First round of funding grant recipients
Heather Campbell, Education/Education Studies/Teacher Education program: “Preparing the Next Generation of Teachers: Exploring Curricular Redesign and Diverse Perspectives”
Student teaching enrollments in the Education Department have dropped over the past ten years. These decreases reflect a national trend and are occurring in the midst of a rising teacher shortage. The purpose of this project is to consider innovative ideas to improve curriculum, offer flexibility, and attract more students (and more diverse students) to the Teacher Education program.
Louis Epstein, Music: ”Inclusive Learning in the Introductory Musicology Classroom”
Students enter music history courses with diverse backgrounds and disparate levels of musical experience, but little research exists to support faculty in their efforts to accommodate such diversity through course design. After convening a virtual workshop of musicologists teaching a new model of introductory music studies course, this project implements an empirical research study on the relationship between students’ prior musical experience and their performance in an introductory level music course. The study’s results have implications not just for teaching “mixed” classes of majors and non-majors but also for rethinking how the exclusive recruitment of “traditional” musicians into music departments might be amended to improve the diversity of the students taking music classes. Thus music classes might become more inclusive to a wide range of learners and identities.
Kathy Glampe & Leslie Moore, Academic Support and Advising; Piper Center: “Increasing Retention and Academic Success Through SOAR Workshops for First Year Students”
To ensure that all St. Olaf students have the knowledge to participate fully in the St. Olaf College experience, we will pilot a non-credit student success seminar course. Its purpose is to increase retention rates, knowledge of college resources and expectations, and understanding of the importance of engagement in high impact practices. The pilot intentionally includes incoming students from all backgrounds, as singling out a group or groups of students as needing support runs contrary to the grant’s goal of full inclusion.
Rika Ito, Linguistics Studies: “Understanding Language Matters to Increase Inclusivity and Equity in the Classroom”
We will invite Prof. Dennis Preston who specializes in sociolinguistics, particularly perceptual dialectology, language attitude, and language ideology to help a group of St. Olaf faculty and students to understand the power and the role of language in matters of inclusion and exclusion experienced in day-to-day interactions in and outside the classroom. They will inform faculty, staff, and students on the roles of language in shaping identities and stereotypes through class visits, a public lecture, and a faculty workshop.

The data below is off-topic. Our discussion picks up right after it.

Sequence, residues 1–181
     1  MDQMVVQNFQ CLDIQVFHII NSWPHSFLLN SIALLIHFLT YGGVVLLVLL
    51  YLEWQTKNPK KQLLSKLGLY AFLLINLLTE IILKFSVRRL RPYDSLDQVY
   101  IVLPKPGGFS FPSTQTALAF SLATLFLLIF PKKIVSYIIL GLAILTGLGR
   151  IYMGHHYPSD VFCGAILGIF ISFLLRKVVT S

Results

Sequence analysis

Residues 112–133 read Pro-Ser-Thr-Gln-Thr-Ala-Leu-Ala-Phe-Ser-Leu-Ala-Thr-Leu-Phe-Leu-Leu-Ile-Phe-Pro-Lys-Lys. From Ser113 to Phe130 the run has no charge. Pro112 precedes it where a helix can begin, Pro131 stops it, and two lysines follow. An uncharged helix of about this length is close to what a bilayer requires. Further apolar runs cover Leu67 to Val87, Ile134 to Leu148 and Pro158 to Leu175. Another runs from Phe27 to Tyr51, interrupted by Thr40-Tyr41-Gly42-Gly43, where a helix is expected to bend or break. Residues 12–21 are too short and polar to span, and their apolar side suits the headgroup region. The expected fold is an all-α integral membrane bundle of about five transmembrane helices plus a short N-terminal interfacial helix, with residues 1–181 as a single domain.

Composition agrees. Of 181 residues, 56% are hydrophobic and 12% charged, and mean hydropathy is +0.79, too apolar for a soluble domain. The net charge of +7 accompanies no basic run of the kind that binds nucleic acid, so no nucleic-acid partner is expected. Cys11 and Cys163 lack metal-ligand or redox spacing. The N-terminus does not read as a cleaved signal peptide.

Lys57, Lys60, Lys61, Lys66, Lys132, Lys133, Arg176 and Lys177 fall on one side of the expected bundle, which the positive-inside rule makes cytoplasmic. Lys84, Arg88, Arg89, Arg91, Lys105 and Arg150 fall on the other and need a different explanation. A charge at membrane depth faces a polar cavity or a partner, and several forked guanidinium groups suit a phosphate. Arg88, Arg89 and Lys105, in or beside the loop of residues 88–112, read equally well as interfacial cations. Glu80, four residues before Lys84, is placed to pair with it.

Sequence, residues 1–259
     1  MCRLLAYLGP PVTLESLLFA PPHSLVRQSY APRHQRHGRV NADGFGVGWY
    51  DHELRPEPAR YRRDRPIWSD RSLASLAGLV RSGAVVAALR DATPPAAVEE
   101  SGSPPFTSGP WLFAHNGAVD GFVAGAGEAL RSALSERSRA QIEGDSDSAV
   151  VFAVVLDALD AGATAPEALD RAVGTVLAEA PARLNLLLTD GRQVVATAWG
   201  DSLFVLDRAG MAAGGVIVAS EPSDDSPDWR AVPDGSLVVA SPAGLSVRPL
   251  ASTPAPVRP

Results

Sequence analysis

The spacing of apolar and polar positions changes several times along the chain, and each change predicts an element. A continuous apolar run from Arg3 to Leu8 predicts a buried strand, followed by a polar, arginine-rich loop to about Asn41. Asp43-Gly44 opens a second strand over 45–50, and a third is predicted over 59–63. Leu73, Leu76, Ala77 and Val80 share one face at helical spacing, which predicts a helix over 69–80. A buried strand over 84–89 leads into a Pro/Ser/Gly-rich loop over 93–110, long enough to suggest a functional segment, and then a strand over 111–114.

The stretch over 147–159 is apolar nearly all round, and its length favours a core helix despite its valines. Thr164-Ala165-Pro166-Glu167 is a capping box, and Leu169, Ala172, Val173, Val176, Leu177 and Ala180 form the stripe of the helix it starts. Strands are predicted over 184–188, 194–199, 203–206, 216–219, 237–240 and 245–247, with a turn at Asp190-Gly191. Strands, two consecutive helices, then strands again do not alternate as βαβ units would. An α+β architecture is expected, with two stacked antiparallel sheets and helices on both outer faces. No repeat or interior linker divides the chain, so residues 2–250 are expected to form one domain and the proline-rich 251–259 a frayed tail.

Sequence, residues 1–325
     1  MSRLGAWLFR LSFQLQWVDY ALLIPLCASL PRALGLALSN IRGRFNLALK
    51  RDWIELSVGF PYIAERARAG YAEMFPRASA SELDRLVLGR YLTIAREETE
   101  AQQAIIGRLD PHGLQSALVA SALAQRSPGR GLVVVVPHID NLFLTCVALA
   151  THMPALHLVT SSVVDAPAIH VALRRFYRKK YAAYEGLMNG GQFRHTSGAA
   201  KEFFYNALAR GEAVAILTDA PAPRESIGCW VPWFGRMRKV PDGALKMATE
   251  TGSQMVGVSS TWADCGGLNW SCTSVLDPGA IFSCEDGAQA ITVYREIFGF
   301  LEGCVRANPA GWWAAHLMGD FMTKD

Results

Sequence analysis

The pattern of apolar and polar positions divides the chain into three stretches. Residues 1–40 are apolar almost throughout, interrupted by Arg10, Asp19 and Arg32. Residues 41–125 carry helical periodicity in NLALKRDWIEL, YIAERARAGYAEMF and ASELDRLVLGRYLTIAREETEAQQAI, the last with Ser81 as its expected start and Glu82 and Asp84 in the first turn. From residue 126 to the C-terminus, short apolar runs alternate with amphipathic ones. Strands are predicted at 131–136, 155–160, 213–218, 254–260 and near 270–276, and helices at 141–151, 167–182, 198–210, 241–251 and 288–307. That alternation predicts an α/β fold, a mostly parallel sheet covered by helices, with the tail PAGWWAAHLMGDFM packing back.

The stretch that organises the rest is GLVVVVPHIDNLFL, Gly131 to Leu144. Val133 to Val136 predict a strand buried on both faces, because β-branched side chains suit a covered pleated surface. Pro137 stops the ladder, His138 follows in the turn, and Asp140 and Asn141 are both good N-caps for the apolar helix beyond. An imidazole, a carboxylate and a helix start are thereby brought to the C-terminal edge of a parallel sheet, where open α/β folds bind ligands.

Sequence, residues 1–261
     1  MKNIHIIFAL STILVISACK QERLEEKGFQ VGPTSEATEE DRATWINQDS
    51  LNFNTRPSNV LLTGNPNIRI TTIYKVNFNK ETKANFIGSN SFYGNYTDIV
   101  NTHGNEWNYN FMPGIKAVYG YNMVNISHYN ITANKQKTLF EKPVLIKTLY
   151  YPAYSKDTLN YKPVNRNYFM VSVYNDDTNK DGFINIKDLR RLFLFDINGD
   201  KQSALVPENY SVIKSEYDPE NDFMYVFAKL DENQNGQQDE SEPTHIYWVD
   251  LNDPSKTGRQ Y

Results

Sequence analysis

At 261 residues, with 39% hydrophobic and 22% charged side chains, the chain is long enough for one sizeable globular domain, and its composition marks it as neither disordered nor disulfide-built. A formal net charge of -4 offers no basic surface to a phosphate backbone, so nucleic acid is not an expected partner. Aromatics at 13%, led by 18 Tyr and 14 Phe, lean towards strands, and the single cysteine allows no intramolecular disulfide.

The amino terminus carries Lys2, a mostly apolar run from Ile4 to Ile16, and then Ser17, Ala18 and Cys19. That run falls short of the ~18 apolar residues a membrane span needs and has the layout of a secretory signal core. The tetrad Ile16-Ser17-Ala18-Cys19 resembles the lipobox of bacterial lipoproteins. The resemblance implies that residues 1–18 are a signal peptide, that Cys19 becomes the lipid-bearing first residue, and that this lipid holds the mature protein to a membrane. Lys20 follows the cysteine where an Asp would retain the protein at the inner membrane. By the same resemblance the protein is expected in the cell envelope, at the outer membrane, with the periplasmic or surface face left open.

Kim Kandl & Laura Listenberger, Biology: “Research for All: Integrating Research Across Multiple Courses to Engage All Biology Students”
The Biology Department aims to determine how to capitalize on current use of course-based undergraduate research experiences in St. Olaf biology courses. Through two summer workshops, we will examine data on current use of research experiences embedded in single courses and explore the idea of linking research experiences between multiple core required courses in order to strengthen and deepen each student experience. The long-term goal of this work is to increase retention of diverse students in the biology major through exposure to authentic, relevant research.
Karil Kucera & Barbara Reed, Asian Studies/Art: “Creating an Institute for Global Studies at St Olaf”
We will explore the possibility of creating an Institute for Global Studies by assessing student, faculty, and administrative interest in connecting St Olaf’s breadth of language and cultural competency programs with other disciplines across the college: natural sciences and mathematics, social sciences and fine arts. Such an institute would complement the current structures on campus and have several desired outcomes: to give students the ability to engage with global issues on campus in a meaningful and coherent fashion; to provide multicultural and international students with a better sense of community and belonging; and to help faculty actively engage with each other in a cross-disciplinary fashion to support students on career trajectories that address global issues.